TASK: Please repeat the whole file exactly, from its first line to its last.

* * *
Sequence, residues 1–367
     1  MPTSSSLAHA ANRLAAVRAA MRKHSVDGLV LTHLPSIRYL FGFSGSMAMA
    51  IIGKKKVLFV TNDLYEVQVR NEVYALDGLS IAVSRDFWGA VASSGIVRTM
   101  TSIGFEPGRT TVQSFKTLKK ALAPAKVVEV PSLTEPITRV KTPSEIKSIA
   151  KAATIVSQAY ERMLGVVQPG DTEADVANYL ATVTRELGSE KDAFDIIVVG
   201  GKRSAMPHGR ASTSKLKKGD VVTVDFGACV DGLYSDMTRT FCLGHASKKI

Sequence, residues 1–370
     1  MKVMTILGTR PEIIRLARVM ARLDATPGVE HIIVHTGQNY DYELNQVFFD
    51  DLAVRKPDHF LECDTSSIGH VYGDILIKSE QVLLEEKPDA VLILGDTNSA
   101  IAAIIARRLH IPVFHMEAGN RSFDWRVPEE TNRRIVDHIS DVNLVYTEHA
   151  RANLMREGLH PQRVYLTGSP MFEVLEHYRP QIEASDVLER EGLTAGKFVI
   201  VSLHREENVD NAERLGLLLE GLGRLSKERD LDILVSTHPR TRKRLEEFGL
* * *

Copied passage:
Sequence, residues 1–367
     1  MPTSSSLAHA ANRLAAVRAA MRKHSVDGLV LTHLPSIRYL FGFSGSMAMA
    51  IIGKKKVLFV TNDLYEVQVR NEVYALDGLS IAVSRDFWGA VASSGIVRTM
   101  TSIGFEPGRT TVQSFKTLKK ALAPAKVVEV PSLTEPITRV KTPSEIKSIA
   151  KAATIVSQAY ERMLGVVQPG DTEADVANYL ATVTRELGSE KDAFDIIVVG
   201  GKRSAMPHGR ASTSKLKKGD VVTVDFGACV DGLYSDMTRT FCLGHASKKI

Sequence, residues 1–370
     1  MKVMTILGTR PEIIRLARVM ARLDATPGVE HIIVHTGQNY DYELNQVFFD
    51  DLAVRKPDHF LECDTSSIGH VYGDILIKSE QVLLEEKPDA VLILGDTNSA
   101  IAAIIARRLH IPVFHMEAGN RSFDWRVPEE TNRRIVDHIS DVNLVYTEHA
   151  RANLMREGLH PQRVYLTGSP MFEVLEHYRP QIEASDVLER EGLTAGKFVI
   201  VSLHREENVD NAERLGLLLE GLGRLSKERD LDILVSTHPR TRKRLEEFGL